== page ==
1. During the negotiations of the GFA, I learned that it had been agreed that while policing would have a full independent commission, the justice system would be reviewed only. This reflected a strong belief in the NIO and among Unionists that the justice system had continued to operate throughout the conflict and did not require fundamental reform. However, the review process was not without its problems. When I returned in 2002, I learned from contacts that the Criminal Justice Act, which gave effect to the recommendations of the Review, fell short of requirements, notably on judicial appointments. In anticipation of another round of talks to advance the implement of the GFA and secure the decommissioning of paramilitary weapons, I convened talks involving the SDLP, led by Alex Attwood, and Sinn Féin, led by Gerry Kelly, at the Wellington Park hotel to agree a common agenda for amendments to the Act. These proposed changes became part of the negotiations convened at Hillsborough in March 2003. These commitments, including to a new Act, were published in a Joint Declaration by the British and Irish Governments in April 2003.
  2. I was also involved in secret talks at Farmleigh with British security officials on security normalisation. This was the culmination of many years of talks about the pace of normalisation. For example, the Chief Constable regarded the Observation Towers in South Armagh as essential to the safety of his officers where locals detested them as unwarranted intrusions. They had continued in operation for many years after the signing of the GFA. Seamus Mallon with mordant humour regarded them as the bane of his life. The eventual dismantling of the Towers and other military installations were seen as tangible indications of the progress of the peace process.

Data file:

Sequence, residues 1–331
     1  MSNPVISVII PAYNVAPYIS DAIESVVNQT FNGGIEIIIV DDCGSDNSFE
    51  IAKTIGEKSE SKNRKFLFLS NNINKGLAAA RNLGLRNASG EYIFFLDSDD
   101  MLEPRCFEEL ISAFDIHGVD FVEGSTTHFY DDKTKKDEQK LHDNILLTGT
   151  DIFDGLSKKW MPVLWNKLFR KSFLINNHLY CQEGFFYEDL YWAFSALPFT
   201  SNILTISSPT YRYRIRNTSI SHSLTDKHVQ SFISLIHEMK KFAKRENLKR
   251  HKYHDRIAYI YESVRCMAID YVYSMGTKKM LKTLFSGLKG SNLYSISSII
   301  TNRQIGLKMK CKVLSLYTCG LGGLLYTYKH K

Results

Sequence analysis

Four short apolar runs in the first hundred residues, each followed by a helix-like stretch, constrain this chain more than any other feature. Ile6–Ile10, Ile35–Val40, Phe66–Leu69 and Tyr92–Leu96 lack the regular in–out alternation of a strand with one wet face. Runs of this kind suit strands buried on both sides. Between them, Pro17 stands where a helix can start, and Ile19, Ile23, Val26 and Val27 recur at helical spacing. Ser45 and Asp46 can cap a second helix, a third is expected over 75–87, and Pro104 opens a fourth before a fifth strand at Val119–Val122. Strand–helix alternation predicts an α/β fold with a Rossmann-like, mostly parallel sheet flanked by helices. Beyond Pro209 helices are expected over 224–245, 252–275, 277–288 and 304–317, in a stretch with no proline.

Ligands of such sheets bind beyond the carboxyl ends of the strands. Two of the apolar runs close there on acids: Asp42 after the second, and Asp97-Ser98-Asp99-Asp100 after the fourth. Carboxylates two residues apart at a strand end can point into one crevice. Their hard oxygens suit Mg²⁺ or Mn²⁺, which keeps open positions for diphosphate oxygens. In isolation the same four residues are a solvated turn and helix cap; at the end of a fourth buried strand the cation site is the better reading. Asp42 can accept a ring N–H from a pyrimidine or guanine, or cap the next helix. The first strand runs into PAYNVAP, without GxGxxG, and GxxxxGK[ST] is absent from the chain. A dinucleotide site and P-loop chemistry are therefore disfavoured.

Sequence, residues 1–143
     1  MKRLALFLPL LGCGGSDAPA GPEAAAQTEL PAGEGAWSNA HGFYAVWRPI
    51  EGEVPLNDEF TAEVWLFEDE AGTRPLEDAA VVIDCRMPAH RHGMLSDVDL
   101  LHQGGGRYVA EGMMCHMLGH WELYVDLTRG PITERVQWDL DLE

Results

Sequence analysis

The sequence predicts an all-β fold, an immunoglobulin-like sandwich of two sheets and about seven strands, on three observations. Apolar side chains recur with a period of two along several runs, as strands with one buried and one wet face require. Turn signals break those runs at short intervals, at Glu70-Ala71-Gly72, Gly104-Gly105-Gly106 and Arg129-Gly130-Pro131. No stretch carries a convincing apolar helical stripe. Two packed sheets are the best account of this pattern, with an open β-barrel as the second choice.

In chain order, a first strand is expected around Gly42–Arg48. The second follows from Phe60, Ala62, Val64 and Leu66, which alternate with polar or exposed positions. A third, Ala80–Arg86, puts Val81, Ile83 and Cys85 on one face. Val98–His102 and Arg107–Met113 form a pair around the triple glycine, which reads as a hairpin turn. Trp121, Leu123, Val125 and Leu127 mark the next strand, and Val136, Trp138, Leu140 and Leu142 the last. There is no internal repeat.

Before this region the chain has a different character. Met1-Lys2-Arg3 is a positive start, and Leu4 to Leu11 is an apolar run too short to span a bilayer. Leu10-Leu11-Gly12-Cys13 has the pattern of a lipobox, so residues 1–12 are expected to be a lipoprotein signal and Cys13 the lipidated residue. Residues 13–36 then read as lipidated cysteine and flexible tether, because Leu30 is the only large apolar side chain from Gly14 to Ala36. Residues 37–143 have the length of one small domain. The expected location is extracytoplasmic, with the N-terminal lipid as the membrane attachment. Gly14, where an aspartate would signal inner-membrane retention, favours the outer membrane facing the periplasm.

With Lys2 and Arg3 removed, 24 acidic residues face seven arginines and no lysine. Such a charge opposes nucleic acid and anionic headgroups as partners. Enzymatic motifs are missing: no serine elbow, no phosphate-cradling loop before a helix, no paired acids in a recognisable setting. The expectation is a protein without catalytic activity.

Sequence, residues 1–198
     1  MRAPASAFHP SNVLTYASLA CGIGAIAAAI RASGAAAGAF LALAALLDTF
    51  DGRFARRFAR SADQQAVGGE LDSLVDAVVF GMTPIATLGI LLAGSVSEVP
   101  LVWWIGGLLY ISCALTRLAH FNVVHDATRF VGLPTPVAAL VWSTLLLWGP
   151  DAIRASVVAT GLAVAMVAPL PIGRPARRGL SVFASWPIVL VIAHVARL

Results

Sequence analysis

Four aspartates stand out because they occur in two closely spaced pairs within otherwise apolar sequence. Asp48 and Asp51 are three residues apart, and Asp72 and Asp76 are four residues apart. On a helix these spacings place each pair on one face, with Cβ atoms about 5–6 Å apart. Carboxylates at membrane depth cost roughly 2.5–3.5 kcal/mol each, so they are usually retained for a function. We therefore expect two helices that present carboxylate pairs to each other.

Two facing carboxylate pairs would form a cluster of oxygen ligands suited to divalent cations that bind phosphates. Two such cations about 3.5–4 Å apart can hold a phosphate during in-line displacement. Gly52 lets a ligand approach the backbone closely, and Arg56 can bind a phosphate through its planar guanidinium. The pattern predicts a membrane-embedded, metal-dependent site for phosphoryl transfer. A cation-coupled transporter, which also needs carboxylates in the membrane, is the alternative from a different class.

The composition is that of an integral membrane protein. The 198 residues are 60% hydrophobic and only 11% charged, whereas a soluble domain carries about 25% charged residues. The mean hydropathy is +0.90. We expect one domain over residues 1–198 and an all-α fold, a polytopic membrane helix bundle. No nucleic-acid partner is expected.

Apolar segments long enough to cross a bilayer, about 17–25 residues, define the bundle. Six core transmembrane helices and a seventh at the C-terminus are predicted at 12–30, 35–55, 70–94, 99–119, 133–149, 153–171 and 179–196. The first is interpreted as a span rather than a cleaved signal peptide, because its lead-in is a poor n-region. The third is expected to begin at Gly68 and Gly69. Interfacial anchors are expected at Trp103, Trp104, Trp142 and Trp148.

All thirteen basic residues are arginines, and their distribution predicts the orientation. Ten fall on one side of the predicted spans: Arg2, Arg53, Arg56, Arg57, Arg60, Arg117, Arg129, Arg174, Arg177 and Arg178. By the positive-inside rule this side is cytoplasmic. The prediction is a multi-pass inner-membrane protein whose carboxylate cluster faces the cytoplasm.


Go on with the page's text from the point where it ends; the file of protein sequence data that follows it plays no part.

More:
3. Arising from the Weston Park Agreement and the SDLP’s endorsement of the new policing arrangements, the British and Irish Governments agreed to appoint a judge of international standing to investigate allegations of collusion in six controversial cases, including the murder of Pat Finucane. The judge was to make a recommendation on whether any or all of these cases merited a public inquiry. There was considerable back and forth between Dublin and London as to the appointee7. I interviewed and recommended Judge Peter Cory of the Supreme Court of Canada. This was endorsed by the British Government. Judge Cory did an outstanding job with speed and great integrity. His recommendation for a public inquiry into the murder of Pat Finucane has yet to be implemented.